73e18ea78b2386b774963c8472cbd309 sendmail.8.12.6.tar.gz
    cebe3fa43731b315908f44889d9d2137 sendmail.8.12.6.tar.Z
    8b9c78122044f4e4744fc447eeafef34 sendmail.8.12.6.tar.sig

    As a matter of good security practice, the CERT/CC encourages users to
    verify, whenever possible, the integrity of downloaded software. For
    more information, see

    Employ egress filtering

    Egress filtering manages the flow of traffic as it leaves a network
    under your administrative control.

    In the case of the Trojan horse Sendmail distribution, employing
    egress filtering can help prevent systems on your network from
    connecting to the remote intruder-controlled system. Blocking outbound
    TCP connections to port 6667 from your network reduces the risk of
    internal compromised machines communicating with the remote system.

    Build software as an unprivileged user

    Sites are encouraged to build software from source code as an
    unprivileged, non-root user on the system. This can lessen the
    immediate impact of Trojan horse software. Compiling software that
    contains Trojan horses as the root user results in a compromise that
    is much more difficult to reliably recover from than if the Trojan
    horse is executed as a normal, unprivileged user on the system.

    Recovering from a system compromise

    If you believe a system under your administrative control has been
    compromised, please follow the steps outlined in

    Steps for Recovering from a UNIX or NT System Compromise


    The CERT/CC is interested in receiving reports of this activity. If
    machines under your administrative control are compromised, please
    send mail to with the following text included in the
    subject line: &[CERT#33376]&.

    Appendix A. - Vendor Information

    This appendix contains information provided by vendors for this
    advisory. As vendors report new information to the CERT/CC, we will
    update this section and note the changes in our revision history. If a
    particular vendor is not listed below, we have not received their

    The CERT Coordination Center thanks the staff at the Sendmail
    Consortium for bringing this issue to our attention.

    Feedback can be directed to the authors: Chad Dougherty, Marty

    This document is available from:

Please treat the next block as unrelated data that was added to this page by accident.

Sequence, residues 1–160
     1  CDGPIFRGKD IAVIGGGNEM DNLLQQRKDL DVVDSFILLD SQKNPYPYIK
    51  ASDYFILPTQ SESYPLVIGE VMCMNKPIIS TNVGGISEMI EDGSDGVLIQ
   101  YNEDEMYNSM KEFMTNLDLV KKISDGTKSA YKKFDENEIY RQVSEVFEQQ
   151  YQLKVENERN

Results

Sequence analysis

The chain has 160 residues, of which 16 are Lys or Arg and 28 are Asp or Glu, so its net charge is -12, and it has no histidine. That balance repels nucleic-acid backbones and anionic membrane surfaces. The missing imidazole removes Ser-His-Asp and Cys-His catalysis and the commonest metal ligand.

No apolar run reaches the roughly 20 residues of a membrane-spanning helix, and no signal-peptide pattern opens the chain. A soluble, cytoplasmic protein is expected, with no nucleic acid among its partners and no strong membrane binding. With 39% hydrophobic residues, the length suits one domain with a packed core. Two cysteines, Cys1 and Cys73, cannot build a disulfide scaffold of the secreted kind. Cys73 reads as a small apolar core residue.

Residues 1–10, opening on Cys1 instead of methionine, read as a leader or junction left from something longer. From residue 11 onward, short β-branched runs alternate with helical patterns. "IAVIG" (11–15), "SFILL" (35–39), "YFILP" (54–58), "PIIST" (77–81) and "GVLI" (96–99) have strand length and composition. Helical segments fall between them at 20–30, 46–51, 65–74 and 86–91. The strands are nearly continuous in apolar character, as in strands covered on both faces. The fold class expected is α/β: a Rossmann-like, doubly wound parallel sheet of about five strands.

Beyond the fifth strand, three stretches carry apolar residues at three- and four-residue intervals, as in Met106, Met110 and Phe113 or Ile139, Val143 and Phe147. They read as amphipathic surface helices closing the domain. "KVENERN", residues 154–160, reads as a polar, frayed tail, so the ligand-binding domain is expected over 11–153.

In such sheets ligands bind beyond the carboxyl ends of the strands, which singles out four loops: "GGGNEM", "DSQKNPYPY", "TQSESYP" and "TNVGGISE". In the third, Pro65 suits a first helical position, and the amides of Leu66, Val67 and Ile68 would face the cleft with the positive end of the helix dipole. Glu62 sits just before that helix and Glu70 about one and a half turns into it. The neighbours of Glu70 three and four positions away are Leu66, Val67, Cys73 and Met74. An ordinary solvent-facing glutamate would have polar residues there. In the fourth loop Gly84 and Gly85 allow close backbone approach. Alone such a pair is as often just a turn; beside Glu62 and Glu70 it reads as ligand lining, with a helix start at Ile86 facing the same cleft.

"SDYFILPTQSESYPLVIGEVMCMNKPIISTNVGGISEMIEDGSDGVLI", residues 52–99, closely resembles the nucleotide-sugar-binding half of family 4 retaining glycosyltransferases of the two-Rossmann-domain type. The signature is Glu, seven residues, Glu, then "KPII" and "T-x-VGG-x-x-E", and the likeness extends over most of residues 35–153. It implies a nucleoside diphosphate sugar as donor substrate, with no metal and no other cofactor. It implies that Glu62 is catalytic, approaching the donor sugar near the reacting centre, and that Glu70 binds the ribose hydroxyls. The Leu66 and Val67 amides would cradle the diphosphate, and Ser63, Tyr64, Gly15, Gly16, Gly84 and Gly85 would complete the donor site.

CERT/CC Contact Information

    Phone: 1 412-268-7090 (24-hour hotline)
    Fax: 1 412-268-6989
    Postal address:
    CERT Coordination Center
    Software Engineering Institute
    Carnegie Mellon University
    Pittsburgh PA 15213-3890

    CERT/CC personnel answer the hotline 08:00-17:00 EST(GMT-5) /
    EDT(GMT-4) Monday through Friday; they are on call for emergencies
    during other hours, on U.S. holidays, and on weekends.

    Using encryption

    We strongly urge you to encrypt sensitive information sent by email.
    Our public PGP key is available from

    If you prefer to use DES, please call the CERT hotline for more

    Getting security information

    CERT publications and other security information are available from
    our web site

    To subscribe to the CERT mailing list for advisories and bulletins,
    send email to Please include in the body of your

    subscribe cert-advisory

    * &CERT& and &CERT Coordination Center& are registered in the U.S.
    Patent and Trademark Office.

    Any material furnished by Carnegie Mellon University and the Software
    Engineering Institute is furnished on an &as is& basis. Carnegie
    Mellon University makes no warranties of any kind, either expressed or
    implied as to any matter including, but not limited to, warranty of
    fitness for a particular purpose or merchantability, exclusivity or
    results obtained from use of the material. Carnegie Mellon University
    does not make any warranty of any kind with respect to freedom from
    patent, trademark, or copyright infringement.

    Conditions for use, disclaimers, and sponsorship information

    Copyright 2002 Carnegie Mellon University.

    Revision History
    October 08, 2002: Initial release